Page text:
VESTA runs on Windows, Mac OS X, and Linux.
VESTA allows us to deal with a practically unlimited number of objects as far as memory size goes.
VESTA supports multiple windows, each of which may contain multiple tabs corresponding to files.
Drawing boundaries for structural models can be changed in sophisticated ways similar to convoluting and reiterative convoluting spheres in ORTEP-III so that coordination polyhedra and molecules are not truncated. Cutoff planes in addition to x, y, z ranges can be used to specify drawing boundaries.
VESTA represents crystal structures as:
- Ball & stick,
- Space filling,
Ball-and-stick, wireframe, and stick models can be overlapped with dotted surfaces corresponding to van der Waals radii. For ball-and-stick and polyhedral models, thermal displacement of atoms can be represented as ellipsoids.
Selection of objects (atoms, bonds, and coordination polyhedra) by clicking with a mouse provides us with a variety of crystallographic information:
- fractional coordinates,
- symmetry operations and translation vectors,
- site multiplicities, Wyckoff letters, and site symmetry,
- information about principal axes and mean square displacements for anisotropic thermal motion
- interatomic distances, bond angles, and torsion angles,
- information about coordination polyhedra including volumes, Baur's distortion indices, quadratic elongations, bond angle variances, bond valence sums of central metals, and bond lengths expected from bond valence parameters.
VESTA has a feature to convert general equivalent positions in a conventional setting into those in a non-conventional one with a transformation matrix, which is also used for (primitive lattice)-(complex lattice) conversions and for creating superstructures. Translucent isosurfaces can be overlapped with a structural model.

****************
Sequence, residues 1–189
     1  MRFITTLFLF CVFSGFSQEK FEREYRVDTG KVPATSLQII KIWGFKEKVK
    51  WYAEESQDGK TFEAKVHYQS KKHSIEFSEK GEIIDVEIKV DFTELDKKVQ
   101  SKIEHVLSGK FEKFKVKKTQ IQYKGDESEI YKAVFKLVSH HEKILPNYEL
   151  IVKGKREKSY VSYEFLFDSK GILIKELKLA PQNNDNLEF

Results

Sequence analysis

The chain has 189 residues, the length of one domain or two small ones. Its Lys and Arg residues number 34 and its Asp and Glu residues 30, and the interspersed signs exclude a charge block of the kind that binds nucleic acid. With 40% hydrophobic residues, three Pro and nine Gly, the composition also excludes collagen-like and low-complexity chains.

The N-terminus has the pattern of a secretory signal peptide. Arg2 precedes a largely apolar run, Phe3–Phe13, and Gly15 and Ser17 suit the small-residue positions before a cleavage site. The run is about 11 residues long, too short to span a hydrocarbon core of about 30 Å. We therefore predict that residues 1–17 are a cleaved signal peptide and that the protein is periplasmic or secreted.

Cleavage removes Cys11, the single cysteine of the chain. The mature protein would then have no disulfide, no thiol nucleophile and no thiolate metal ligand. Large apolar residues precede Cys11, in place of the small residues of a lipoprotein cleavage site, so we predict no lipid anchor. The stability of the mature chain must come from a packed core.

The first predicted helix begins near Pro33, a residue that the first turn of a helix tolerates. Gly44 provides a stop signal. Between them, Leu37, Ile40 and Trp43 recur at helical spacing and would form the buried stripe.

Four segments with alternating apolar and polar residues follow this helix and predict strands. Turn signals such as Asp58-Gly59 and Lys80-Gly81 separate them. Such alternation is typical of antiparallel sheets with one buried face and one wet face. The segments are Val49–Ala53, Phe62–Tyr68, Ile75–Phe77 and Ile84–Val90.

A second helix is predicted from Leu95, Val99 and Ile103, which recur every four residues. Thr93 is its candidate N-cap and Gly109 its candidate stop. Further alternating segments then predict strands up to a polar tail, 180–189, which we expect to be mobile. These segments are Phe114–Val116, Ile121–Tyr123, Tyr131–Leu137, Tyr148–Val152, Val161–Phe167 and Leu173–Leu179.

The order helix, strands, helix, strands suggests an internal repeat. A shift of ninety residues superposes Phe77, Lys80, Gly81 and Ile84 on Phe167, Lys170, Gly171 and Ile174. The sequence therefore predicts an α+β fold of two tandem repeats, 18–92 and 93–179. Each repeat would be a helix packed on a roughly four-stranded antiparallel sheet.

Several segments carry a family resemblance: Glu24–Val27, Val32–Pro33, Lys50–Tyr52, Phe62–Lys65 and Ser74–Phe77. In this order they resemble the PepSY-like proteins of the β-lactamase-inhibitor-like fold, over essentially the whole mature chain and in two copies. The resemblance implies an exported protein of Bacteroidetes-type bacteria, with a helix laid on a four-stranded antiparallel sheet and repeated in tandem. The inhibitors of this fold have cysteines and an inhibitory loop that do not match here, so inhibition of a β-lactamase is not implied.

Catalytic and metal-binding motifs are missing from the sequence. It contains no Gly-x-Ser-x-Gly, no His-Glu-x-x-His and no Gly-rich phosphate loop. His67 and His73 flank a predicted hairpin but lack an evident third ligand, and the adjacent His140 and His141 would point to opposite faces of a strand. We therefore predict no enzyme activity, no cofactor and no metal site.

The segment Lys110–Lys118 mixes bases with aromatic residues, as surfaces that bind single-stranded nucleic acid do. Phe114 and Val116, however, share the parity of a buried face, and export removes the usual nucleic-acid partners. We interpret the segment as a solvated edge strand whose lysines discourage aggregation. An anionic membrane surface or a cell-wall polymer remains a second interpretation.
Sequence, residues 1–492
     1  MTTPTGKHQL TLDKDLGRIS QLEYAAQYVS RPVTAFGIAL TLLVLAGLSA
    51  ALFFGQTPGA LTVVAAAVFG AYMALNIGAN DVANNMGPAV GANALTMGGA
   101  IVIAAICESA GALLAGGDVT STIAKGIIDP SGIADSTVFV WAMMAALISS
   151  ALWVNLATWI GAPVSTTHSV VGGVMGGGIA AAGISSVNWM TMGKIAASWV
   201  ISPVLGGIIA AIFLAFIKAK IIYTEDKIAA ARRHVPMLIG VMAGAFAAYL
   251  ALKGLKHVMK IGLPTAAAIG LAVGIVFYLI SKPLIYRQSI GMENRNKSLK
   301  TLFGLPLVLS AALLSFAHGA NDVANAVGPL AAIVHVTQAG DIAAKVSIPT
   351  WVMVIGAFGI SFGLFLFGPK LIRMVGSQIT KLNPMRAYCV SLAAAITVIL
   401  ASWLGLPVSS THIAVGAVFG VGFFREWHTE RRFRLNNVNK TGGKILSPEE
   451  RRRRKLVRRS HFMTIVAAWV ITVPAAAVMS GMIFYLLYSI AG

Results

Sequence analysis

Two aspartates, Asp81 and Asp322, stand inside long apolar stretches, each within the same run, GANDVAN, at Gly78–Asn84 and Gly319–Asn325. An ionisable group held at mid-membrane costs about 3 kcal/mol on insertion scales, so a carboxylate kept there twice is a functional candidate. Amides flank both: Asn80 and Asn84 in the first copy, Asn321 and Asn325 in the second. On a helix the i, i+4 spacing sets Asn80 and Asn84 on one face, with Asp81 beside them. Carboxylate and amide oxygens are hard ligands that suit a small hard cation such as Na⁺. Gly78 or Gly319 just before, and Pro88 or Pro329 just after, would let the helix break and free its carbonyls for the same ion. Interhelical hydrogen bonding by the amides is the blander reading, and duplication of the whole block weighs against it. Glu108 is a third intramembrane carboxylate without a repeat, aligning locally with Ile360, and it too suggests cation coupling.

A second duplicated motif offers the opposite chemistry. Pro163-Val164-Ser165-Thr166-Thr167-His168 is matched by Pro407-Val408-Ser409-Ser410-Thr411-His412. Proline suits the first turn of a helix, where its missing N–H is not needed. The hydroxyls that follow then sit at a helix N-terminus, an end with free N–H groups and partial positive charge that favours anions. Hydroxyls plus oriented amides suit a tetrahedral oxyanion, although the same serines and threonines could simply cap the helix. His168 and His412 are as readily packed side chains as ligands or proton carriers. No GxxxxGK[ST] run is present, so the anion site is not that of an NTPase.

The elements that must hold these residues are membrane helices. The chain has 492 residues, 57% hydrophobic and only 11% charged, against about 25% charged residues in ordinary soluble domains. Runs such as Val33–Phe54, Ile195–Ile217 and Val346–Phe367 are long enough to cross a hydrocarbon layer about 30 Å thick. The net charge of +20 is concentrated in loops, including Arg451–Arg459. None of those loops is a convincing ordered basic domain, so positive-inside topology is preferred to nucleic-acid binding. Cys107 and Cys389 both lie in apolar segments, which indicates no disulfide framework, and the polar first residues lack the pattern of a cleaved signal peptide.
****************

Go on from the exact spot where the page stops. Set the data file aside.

Vectors (arrows) showing magnetic moments or directions of static displacements
can be attached to atoms.
Isosurfaces are represented as smooth-shaded polygons, wireframes, and dot surfaces. Physical quantities, e.g., wave functions and nuclear densities, having both positive and negative values can be expressed by isosurfaces with two different colors.
VESTA supports pixel operations between more than two
3D data sets, and arbitrary factor can be multiplied to each data.
For example, this feature allows us (a) to
subtract calculated electron densities from observed ones
obtained by MEM analysis to detect light atoms missing in
a structural model and (b) to subtract down-spin electron
densities from up-spin ones to visualize effective spin
VESTA has an attractive feature to colorize isosurfaces, whose typical application is to colorize isosurfaces of electron densities according to electrostatic potentials.
Peak values and positions in 3D pixel data can be listed in Text Area.
Lattice planes with variable opacities can be inserted. For 3D
pixel data, both boundary sections and lattice planes are colorized
on the basis of numerical values on them.
With a 2D Data Display window, 2D distribution of a physical quantity on a
lattice plane can be visualized as a colored map with contour lines or
Crystal morphologies can be drawn by inputting Miller indices of faces.
The "Geometrical Parameters" dialog box lists interatomic distances and bond angles recorded in *.ffe output by ORFFE. On selection of a bond (2 atoms) or a bond angle (3 atoms) in this dialog box, the corresponding object in a ball-and-stick model is highlighted, and vice versa.
STRUCTURE TIDY allows us to standardize crystal-structure data and transform the current unit cell to a Niggli-reduced cell.
Powder diffraction patterns can be simulated with RIETAN-FP. On selection of the "Powder Diffraction Pattern..." menu, a series of procedures, i.e., generation of an input file, *.ins, for RIETAN-FP, execution of RIETAN-FP, and graphic representation of the resulting data in file, *.itx, with a graphing program such as Igor Pro and gnuplot, are executed by VESTA as if they were implemented in VESTA.
VESTA utilizes an external program, MADEL, to calculate electrostatic site potentials and the Madelung energy in a crystal by the Fourier method.